Benghazi, though, remains the crucible of the conflict. While the fighting between cities and factions has cooled in other parts of Libya, Benghazi is as polarized as ever, rived by fear of Hifter on one side and fear of the Islamists on the other.
Rival armed groups have divided up the city. Fighters loyal to the Islamic State group are battling in the waterfront neighborhood of Sabry, once home to Benghazi’s best seafood restaurant, and the residential district of Al Leithy, Abu Khattala’s neighborhood before his capture, according to photographs the group has posted online and residents with loyalties on both sides of the struggle.
Other Islamist-allied militias and Ansar al-Shariah, an extremist group that also played a role in the attack on the U.S. compound, dominate the newer areas of Al Gawasha and Sidi Faraj, farther from downtown and not far from the former compound.
Hifter’s forces control the airport. No longer open to commercial flights, it houses a small fleet of aging bombers used to attack his rivals.
Much of downtown Benghazi has been gutted. Shelling has nearly demolished the Nouran hotel, once a favorite of journalists and aid workers. Garyounis, the area around Benghazi’s venerable university, remains a dangerous battle zone.
Fighting has destroyed most the buildings on Venezia Road, the long street that led to the U.S. compound and blossomed with shops and restaurants after Gadhafi’s downfall.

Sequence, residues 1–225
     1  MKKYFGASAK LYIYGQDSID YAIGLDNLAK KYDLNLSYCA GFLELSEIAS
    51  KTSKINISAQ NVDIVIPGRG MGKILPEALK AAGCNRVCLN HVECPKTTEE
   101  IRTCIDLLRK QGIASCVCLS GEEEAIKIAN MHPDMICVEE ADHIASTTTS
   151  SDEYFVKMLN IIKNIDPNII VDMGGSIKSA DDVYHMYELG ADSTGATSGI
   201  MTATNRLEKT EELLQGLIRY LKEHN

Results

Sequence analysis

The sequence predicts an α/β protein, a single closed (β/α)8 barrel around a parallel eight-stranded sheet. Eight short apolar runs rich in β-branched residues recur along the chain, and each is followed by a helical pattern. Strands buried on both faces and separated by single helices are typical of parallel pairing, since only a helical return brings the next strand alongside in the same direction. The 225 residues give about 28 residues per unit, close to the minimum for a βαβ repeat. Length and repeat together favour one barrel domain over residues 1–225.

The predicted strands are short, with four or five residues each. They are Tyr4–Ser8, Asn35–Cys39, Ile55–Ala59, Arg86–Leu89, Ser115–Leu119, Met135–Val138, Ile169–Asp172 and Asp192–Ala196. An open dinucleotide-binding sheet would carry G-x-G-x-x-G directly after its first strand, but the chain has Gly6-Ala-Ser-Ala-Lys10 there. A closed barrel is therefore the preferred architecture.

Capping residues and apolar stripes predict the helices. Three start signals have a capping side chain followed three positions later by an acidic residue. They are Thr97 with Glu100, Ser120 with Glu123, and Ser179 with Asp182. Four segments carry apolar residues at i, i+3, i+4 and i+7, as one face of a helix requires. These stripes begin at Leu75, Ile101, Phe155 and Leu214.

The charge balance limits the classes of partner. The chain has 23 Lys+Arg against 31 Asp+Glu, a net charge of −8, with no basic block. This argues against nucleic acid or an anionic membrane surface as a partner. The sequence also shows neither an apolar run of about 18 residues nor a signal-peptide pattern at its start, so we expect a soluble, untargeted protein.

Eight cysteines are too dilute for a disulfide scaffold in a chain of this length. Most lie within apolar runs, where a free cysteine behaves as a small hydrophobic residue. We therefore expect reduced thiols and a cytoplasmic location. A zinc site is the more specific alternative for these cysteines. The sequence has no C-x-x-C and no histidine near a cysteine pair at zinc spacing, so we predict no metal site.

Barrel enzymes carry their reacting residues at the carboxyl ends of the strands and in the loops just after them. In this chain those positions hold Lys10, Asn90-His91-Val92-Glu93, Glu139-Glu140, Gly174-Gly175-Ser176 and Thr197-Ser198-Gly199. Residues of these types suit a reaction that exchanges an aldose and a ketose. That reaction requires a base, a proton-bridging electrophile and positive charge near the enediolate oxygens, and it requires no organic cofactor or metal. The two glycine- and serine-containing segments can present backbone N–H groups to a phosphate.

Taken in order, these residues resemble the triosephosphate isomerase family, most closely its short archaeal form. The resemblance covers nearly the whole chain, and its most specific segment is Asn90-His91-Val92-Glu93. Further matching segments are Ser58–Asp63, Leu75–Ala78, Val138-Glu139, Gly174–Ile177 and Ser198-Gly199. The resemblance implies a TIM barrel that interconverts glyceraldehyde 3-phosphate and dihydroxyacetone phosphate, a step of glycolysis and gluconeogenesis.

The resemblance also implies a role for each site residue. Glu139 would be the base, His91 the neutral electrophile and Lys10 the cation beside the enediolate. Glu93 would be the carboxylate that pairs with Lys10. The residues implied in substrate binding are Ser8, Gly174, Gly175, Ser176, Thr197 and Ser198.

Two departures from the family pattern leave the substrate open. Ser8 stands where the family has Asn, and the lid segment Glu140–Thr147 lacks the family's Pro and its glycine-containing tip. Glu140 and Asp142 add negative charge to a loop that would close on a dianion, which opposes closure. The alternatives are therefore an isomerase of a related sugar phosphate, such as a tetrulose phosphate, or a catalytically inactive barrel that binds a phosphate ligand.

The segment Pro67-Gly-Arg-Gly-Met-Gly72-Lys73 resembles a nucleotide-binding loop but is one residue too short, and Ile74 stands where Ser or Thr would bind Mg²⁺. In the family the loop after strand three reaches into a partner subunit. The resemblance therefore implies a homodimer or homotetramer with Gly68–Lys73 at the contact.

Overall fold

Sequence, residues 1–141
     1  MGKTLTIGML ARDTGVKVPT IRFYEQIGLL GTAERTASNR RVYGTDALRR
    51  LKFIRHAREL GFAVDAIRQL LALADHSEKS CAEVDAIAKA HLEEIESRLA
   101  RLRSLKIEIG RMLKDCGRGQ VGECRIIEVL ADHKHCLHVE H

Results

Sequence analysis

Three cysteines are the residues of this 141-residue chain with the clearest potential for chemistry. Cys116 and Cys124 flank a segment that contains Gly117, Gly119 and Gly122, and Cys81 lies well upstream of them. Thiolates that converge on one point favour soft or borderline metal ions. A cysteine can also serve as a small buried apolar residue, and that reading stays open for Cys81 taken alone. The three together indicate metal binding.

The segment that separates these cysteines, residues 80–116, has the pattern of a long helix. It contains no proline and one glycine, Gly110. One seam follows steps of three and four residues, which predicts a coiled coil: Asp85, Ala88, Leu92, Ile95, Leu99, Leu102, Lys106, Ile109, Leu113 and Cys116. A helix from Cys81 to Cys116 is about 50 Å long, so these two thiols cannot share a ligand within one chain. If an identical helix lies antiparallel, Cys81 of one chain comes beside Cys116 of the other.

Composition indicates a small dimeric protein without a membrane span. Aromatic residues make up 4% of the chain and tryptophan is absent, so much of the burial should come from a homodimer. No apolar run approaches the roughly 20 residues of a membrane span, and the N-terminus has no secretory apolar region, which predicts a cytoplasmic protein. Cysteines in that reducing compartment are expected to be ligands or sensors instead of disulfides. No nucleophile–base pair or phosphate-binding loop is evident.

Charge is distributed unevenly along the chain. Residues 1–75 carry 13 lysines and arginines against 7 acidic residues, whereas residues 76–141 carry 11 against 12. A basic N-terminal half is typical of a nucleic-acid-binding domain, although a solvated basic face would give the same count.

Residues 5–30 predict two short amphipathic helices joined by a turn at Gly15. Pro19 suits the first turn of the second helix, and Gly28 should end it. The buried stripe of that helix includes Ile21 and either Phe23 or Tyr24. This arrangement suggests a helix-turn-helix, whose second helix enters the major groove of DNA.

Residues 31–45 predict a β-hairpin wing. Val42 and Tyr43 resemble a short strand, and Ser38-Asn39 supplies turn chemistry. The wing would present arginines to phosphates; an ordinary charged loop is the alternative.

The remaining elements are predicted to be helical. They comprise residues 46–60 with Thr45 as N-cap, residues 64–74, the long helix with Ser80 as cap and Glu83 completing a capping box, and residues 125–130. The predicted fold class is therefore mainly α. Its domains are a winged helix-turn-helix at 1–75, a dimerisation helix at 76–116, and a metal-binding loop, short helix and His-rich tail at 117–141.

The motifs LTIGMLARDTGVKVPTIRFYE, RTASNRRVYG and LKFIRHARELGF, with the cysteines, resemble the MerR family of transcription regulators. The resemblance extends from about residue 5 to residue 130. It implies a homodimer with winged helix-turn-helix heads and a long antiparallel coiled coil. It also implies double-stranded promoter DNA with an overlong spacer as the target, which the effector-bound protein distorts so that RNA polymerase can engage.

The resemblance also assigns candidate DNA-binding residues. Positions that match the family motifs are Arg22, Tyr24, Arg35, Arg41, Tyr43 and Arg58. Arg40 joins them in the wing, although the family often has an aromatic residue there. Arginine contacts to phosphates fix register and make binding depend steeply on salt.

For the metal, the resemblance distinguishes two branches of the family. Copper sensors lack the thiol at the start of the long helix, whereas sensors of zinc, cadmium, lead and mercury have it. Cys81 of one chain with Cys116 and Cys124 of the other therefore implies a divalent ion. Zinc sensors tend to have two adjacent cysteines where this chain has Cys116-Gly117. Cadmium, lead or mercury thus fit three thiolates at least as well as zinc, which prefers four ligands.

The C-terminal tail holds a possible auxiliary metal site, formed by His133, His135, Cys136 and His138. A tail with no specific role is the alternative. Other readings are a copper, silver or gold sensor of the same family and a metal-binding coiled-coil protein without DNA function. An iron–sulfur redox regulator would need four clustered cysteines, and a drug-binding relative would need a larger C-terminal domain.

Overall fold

Random shells sometimes fall out of the sky in various parts of the city. Trash piles up in the streets. Rolling power blackouts can last for five or 10 hours and sometimes engulf the entire city.
Fighting in the farmland around the city has created a shortage of vegetables. An influx of those displaced from war zones has overcrowded the safer neighborhoods, straining tempers. Public schools remain closed, and children have nothing to do.
The Islamist militias appear to be welcoming foreign fighters into their ranks and there are reports of suicide bombings, while Hifter is relying heavily on young and untrained neighborhood militias, said Frederic Wehrey, a researcher with the Carnegie Endowment for International Peace, who recently visited the city.
But as the deadlock stretches on, he said, “There is a sense of normalcy side by side with combat.”
Residents have returned to work in many places. Young men play soccer at night or sit in cafes smoking water pipes and drinking espresso. The social and shopping scene that was displaced by the fighting on Venezia Road has returned to Dubai Street, a broad boulevard. The university recently began holding at least a few exams in locations off campus.
Those precincts that are free of violence are clogged with traffic. The main highways around the city have been wrecked, but many still drive around in search of something to do.
But a certain desperation has altered the “psyche of the city,” said Nafia Elbouri, 30, a father and home-appliance distributor.
“I don’t see anyone smiling. You enter a place and you feel like they would eat you with their eyes,” he said. “The city we grew up loving is not the one we see today.”